I didn’t rush to this one having found last year’s Aftermath introduction rather unmemorable. Even DCI Banks was unmemorable. To avid readers of Peter Robinson’s novels Stephen Tompkinson is simply not DCI Banks, making him a little bit of a John Hannah’s Rebus. For me, Tompkinson just doesn’t have the face or stature of a copper. He’s more ‘that nice man next door’, the soft and sympathetic one, a kindly brother, a British Forrest Gump type. But, with Playing with Fire I have been pleasantly surprised.
An arson attack on a canal boat leaves two dead. One, a rare and antiquarian book dealer may have been the target as he ‘may’ have been involved in the black market of fine art forgery. The second may have been in the wrong place at the wrong time but her personal life raises many questions, with her family at the heart of it. Banks has returned refreshed from a holiday and has to deal with the competent, ambitious and feisty DS Annie Cabbott, clearly out to make her mark in the investigation.
There was some great and subtle acting in this. Banks’s exchange with the local femme fatale shop owner was one of these scenes, starting with a perfectly on key quiet chuckling groan when he spotted her (see pic above). John Bowe, as the father of the second victim, was superb in a role where nothing is as it seems on the surface. (And who could forget his star turn in the first ever Prime Suspect? He is so good at this.) However, there was an emergency flashing light of warning when we saw his wife. So young she could easily be his daughter, the woman betrayed no emotion whatsoever. She is the as yet blank canvas with a surface waiting to be scratched to see what emerges underneath. All will come out in episode two next week for this atmospheric and edgy story.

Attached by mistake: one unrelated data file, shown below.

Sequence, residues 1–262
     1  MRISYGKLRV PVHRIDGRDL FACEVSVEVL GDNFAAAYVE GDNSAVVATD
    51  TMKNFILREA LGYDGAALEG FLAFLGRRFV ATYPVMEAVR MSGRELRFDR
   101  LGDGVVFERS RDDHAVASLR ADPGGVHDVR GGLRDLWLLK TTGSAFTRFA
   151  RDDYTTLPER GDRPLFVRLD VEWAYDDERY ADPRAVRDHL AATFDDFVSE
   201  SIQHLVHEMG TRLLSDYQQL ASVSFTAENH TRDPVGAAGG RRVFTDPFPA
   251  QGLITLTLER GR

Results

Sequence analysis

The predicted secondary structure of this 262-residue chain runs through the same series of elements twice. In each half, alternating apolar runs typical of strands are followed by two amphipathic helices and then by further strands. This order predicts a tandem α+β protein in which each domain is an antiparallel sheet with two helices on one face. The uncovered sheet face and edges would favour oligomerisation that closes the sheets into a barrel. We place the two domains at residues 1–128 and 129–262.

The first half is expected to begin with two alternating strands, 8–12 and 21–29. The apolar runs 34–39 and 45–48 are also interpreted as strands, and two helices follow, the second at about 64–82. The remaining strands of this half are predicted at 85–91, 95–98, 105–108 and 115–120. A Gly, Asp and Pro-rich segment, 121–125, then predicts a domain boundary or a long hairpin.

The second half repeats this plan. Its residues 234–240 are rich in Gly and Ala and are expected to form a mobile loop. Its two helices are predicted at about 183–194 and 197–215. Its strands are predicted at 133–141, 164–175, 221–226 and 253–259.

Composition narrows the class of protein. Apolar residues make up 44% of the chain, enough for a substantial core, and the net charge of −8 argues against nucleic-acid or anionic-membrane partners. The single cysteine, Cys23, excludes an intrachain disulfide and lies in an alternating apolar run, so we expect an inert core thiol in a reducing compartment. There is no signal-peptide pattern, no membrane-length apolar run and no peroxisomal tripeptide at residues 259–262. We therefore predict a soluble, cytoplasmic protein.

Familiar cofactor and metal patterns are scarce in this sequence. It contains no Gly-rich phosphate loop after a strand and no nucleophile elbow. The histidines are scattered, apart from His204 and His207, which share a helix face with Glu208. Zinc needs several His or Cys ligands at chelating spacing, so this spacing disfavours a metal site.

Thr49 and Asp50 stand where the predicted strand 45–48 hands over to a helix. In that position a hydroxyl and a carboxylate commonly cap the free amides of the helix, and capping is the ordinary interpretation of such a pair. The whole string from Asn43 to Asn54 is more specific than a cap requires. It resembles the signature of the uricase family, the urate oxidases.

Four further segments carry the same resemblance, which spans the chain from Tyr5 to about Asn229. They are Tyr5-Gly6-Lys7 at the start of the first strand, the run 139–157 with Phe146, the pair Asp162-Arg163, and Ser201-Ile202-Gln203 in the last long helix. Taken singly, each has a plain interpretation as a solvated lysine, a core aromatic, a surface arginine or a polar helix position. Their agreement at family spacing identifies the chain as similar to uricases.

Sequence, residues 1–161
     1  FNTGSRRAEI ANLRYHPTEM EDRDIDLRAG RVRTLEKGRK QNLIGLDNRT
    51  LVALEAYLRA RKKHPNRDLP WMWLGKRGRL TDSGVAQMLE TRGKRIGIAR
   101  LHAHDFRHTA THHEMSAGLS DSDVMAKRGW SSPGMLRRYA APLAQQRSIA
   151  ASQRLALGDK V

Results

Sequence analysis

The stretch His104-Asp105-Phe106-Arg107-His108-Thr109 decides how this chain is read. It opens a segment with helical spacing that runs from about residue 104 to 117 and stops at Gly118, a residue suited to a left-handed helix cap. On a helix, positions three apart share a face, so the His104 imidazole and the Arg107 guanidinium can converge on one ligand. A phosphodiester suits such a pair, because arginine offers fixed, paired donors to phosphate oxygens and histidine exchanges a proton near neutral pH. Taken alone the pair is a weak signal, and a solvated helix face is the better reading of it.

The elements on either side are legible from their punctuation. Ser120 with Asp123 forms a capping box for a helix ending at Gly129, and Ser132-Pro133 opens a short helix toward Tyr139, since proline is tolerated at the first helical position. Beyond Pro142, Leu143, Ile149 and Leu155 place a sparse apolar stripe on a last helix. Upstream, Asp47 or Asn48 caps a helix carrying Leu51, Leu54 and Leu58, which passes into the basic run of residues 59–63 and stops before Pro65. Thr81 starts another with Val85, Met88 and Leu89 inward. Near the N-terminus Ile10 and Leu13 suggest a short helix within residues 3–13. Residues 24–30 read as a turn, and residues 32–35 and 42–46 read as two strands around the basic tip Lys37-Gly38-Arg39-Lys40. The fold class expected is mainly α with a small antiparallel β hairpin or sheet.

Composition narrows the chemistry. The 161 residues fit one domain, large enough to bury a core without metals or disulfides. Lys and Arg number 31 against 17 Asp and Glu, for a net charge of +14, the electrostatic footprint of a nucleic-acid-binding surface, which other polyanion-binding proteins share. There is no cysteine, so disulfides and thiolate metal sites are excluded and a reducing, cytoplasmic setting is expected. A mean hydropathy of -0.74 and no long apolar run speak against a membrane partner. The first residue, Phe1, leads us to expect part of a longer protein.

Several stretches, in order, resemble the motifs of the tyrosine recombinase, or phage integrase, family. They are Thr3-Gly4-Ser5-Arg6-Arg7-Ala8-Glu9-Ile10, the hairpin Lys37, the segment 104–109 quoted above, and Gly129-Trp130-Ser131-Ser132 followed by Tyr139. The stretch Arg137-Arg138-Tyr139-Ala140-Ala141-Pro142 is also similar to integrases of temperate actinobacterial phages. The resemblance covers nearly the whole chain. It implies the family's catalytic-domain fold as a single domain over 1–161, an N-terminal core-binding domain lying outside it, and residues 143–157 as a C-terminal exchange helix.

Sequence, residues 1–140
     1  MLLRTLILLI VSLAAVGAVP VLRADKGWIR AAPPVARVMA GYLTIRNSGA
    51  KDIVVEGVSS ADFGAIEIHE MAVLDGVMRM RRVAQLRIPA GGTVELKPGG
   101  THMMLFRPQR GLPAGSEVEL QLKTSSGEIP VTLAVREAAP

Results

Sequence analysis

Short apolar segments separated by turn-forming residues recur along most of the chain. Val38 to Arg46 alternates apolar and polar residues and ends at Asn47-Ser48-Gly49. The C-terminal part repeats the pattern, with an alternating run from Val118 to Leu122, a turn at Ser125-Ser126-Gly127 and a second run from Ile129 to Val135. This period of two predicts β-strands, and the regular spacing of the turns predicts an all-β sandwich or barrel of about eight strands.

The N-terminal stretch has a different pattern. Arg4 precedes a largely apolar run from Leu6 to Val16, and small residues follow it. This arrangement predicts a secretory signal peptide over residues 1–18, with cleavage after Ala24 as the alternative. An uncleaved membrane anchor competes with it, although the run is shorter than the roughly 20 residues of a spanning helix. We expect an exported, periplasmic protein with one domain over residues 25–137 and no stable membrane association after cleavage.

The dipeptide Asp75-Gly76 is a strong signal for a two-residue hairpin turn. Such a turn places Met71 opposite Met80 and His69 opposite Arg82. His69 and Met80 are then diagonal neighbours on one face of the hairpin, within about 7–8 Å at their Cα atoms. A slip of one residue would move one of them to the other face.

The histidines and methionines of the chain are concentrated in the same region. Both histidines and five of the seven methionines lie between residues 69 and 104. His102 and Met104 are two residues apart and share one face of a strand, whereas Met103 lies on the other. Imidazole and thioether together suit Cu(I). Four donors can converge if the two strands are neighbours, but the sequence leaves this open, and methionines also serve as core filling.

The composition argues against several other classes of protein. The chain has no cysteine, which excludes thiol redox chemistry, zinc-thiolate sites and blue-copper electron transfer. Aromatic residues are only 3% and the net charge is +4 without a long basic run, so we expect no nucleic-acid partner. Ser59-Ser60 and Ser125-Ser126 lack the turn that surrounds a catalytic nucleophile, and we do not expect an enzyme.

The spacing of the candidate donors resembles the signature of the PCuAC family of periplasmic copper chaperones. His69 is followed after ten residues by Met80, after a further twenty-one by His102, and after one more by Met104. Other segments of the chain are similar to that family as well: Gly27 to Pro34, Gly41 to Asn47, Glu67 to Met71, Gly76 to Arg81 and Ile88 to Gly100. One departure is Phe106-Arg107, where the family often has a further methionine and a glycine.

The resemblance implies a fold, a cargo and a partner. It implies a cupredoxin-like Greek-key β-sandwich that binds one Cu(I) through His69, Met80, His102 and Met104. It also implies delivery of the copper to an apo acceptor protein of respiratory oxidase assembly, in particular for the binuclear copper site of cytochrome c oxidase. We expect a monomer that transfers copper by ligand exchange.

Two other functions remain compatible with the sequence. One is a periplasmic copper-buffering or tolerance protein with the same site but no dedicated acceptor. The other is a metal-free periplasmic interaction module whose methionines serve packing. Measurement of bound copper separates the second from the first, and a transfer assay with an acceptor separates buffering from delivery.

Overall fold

It’s good to have faith restored after seeing The Body Farm this week, but will producers please avoid the sloppy? OK, a possible Turner painting may indeed raise eyebrows when found with £20k in cash, but to suggest that rare and antiquarian book dealing would not lead to such money is inaccurate. Where was the forensic pathologist in all this? How can DS Cabbott suggest Banks is in a ‘pissing contest’ with the father of the victim when she was not with him any time he saw him? Bodies in fires are unlikely to be found prostrate because of the effects of the fire on the body.
Having said all that, I am hooked and will be watching next week. Bravo too for the camera work on the emergence of the second body; this was brilliantly done. I am even coming around to accepting Tompkinson as a cop…
You can catch it on ITV Player here.